The unofficial start to Doc Rivers’ coaching career began ominously on an icy day in Grand Rapids, Mich., 20 years ago this winter.
Rivers had arrived to observe the coaching staff of the Grand Rapids Hoops of the Continental Basketball Association, but before he ever got to the arena to learn the nuances of a profession he’d long resisted, he first had to deal with his rental pickup truck.
Temperatures were so cold that the hand-crank operating the driver’s side window had frozen. At drive-thru restaurants, Rivers had to open the door to get his food.
“He couldn’t get the window up,” said Brendan O’Connor, then a Hoops assistant coach. “Freezing.”
Once on the sideline, Rivers quickly warmed to the idea of making coaching his future.
“The most valuable thing about being there,” Rivers said, “was all the different situations that are thrown at you from coaching, personnel and player relationships.”
Two decades later, Rivers returns to Michigan for Saturday’s matchup with the Detroit Pistons among the most established coaches in NBA history, having passed Jack Ramsay this season for 13th on the league’s all-time victories list. A few rookies weren’t yet born when he coached his first game with the Orlando Magic in the 1999-2000 season.
Upon his hiring in Orlando it was noted that Rivers had no coaching experience. But that wasn’t quite right. Eight months earlier, he’d spent nearly three weeks helping O’Connor, now a Clippers assistant, and Hoops head coach Mark Hughes, now an assistant general manager in the Clippers’ front office, as they navigated life in the CBA.
“From all the things that came out of his mouth it was like he’d been doing it for a long time,” O’Connor said. “I do remember being like, my God, this guy, I can’t believe he hasn’t coached a game before.”
It wasn’t a given that Rivers would turn to coaching after his 13-year NBA career as a point guard ended. Brendan Suhr, who’d drafted Rivers in Atlanta in 1983, was one of the many coaches who implored Rivers to consider it.
“I’d always told him he’d be a terrific coach,” Suhr said. “It was not something he cherished when I said that.”
Suhr saw a gifted communicator whose playing days provided credibility, but Rivers first used those skills providing commentary during games for Turner Sports. While the job helped him study coaches’ strategies across the league, he also enjoyed the work. But during the 1998-99 season, with the NBA’s players and owners at a labor impasse for nearly seven months, there were no games to call.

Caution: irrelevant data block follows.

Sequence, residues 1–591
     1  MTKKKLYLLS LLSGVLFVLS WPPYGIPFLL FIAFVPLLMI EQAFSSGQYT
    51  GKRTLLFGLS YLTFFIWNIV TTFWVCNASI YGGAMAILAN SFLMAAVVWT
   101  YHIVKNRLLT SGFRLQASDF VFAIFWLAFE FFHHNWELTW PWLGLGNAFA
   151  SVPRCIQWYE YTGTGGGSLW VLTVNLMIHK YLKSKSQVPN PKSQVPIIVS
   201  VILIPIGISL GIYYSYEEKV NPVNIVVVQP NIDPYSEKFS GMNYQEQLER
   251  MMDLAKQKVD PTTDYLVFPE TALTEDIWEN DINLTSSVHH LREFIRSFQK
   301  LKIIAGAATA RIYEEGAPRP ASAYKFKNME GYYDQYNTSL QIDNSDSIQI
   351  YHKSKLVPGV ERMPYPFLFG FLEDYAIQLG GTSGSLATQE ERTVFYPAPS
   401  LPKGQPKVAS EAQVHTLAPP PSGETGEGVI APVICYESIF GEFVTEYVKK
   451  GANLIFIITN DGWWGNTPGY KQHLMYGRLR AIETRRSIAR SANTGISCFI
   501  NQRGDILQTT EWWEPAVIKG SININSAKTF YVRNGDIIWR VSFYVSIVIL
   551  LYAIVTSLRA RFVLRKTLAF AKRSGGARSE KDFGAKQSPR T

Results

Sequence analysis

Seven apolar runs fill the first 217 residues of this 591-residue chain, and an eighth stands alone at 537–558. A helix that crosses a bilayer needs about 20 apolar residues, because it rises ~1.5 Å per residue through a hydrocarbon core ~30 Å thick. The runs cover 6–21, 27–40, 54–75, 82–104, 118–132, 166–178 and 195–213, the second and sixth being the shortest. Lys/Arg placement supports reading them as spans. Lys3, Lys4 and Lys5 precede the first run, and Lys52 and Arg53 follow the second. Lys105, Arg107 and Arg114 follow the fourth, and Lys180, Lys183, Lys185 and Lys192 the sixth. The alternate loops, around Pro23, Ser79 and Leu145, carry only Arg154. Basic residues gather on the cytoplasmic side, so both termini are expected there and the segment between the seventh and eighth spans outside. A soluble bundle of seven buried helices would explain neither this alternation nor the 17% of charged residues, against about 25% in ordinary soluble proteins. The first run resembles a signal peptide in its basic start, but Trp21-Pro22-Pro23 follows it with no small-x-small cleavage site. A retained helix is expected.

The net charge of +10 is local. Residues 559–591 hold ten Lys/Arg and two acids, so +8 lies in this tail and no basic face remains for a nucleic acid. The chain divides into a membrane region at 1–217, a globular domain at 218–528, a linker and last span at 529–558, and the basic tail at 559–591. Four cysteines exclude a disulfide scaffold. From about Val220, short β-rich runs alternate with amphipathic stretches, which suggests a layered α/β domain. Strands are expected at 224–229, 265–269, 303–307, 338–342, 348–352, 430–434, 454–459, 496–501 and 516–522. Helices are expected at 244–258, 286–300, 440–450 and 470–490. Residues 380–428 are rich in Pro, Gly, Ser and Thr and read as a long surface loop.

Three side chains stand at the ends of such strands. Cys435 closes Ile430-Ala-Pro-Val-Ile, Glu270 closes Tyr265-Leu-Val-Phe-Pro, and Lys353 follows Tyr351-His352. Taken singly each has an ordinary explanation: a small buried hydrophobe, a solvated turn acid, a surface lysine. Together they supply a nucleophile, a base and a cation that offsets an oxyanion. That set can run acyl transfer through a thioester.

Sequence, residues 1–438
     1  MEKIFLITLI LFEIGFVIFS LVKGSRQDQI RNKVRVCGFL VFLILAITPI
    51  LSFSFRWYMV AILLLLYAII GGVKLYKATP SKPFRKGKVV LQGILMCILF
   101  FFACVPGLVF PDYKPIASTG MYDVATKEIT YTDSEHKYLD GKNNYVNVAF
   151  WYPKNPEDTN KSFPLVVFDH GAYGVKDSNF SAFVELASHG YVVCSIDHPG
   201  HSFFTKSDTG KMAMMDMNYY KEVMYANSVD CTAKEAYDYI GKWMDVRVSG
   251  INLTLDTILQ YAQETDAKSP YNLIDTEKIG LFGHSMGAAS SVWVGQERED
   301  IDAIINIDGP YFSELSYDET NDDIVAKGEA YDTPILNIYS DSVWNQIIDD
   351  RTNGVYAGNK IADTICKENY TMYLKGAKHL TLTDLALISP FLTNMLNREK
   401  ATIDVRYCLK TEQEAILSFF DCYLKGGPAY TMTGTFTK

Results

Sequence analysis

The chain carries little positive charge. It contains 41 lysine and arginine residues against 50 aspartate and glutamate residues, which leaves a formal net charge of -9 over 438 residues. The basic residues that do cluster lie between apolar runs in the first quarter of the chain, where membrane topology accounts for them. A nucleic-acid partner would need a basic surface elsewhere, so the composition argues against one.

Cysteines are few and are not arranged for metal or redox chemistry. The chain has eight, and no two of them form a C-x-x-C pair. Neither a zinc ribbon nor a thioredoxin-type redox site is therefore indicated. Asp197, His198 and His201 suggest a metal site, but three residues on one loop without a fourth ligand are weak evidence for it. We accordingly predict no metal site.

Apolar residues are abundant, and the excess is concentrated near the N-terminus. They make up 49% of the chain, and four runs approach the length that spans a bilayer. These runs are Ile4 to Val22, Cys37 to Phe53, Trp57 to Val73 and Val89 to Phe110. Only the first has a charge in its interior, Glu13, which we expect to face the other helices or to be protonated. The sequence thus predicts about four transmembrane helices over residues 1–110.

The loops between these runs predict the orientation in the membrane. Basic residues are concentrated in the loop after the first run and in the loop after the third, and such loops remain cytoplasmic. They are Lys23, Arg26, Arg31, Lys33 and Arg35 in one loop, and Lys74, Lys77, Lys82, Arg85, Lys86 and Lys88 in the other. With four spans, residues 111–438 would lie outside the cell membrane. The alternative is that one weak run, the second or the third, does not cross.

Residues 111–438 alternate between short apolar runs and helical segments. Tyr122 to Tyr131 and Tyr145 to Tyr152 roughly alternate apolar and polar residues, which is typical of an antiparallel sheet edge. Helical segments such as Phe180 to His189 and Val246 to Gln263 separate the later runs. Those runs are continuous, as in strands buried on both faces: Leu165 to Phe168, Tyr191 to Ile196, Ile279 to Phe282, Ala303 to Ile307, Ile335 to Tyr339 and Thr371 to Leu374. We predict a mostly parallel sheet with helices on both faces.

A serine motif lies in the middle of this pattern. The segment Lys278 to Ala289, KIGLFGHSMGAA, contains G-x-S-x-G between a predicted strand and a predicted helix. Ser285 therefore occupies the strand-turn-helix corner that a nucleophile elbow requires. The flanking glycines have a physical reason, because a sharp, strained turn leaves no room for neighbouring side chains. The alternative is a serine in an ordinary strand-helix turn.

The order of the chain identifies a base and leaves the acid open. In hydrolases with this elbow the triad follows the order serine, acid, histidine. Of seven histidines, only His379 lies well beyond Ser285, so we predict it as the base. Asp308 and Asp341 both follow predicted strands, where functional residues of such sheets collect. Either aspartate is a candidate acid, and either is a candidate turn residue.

The CBA still was playing, however. Suhr, who had remained close with Rivers, had coached the Hoops in 1996 and liked it so much he bought the team. He suggested Rivers get a closer look at coaching there. Rivers also shared an agent with Hughes, who called to share the idea.
“He says, ‘Doc Rivers is thinking of getting into coaching, would you mind if he comes down?’ ” Hughes said. “He wanted to learn everything.”
The CBA was fertile ground for coaches. Before they became NBA head coaches, Flip Saunders, George Karl and Terry Stotts all pulled tours in the CBA, where coaches were put through a crash-course on everything from out-of-timeout plays to roster management. Small rosters forced creativity. With the NBA still years away from launching its own developmental league, the CBA was its feeder system.
“It was a war every night,” O’Connor said.
Both Hughes and O’Connor recall Rivers as all-in, working with players in practices and conferring with coaches from behind the bench. Once, after a storm canceled flights, Rivers boarded the bus with the rest of the Hoops for a trip to Iowa. About 20 miles in, O’Connor remembered, they learned the storm had closed highways in Indiana as well, and the Hoops waited out the storm at the first interstate hotel they could find. Whenever the Clippers now travel amid a snowstorm, O’Connor and Rivers share a knowing glance with one another.
“Like Grand Rapids!” O’Connor said.
Hughes remembers Rivers as sensitive not to overstep his role as an observer while still offering his thoughts. When Hughes neglected to use a timeout late in the fourth quarter of one game to advance the ball, Rivers told Hughes his assistants should track timeout usage so he could be better prepared.
“Think about a guy who’s been a point guard his whole life,” Hughes said. “He just thinks the game. The reason I knew he wanted to be a coach then? He took a ton of notes. Every time I look up he’s jotting stuff down.”
His notes were soon put to use. Following the lockout Rivers traveled to Orlando to observe as the Magic prepared for the abbreviated season under Suhr, an assistant, and coach Chuck Daly. Within months, Daly was interviewing Rivers to be his successor. Rivers coached his first game the following fall.
Coaching, Suhr had told Rivers during their talks, was like flying a plane through constant turbulence.
“Your job,” he said, “is to land that plane safely.”
Sometimes, it just means ensuring a freezing pickup truck makes it to the arena on time.
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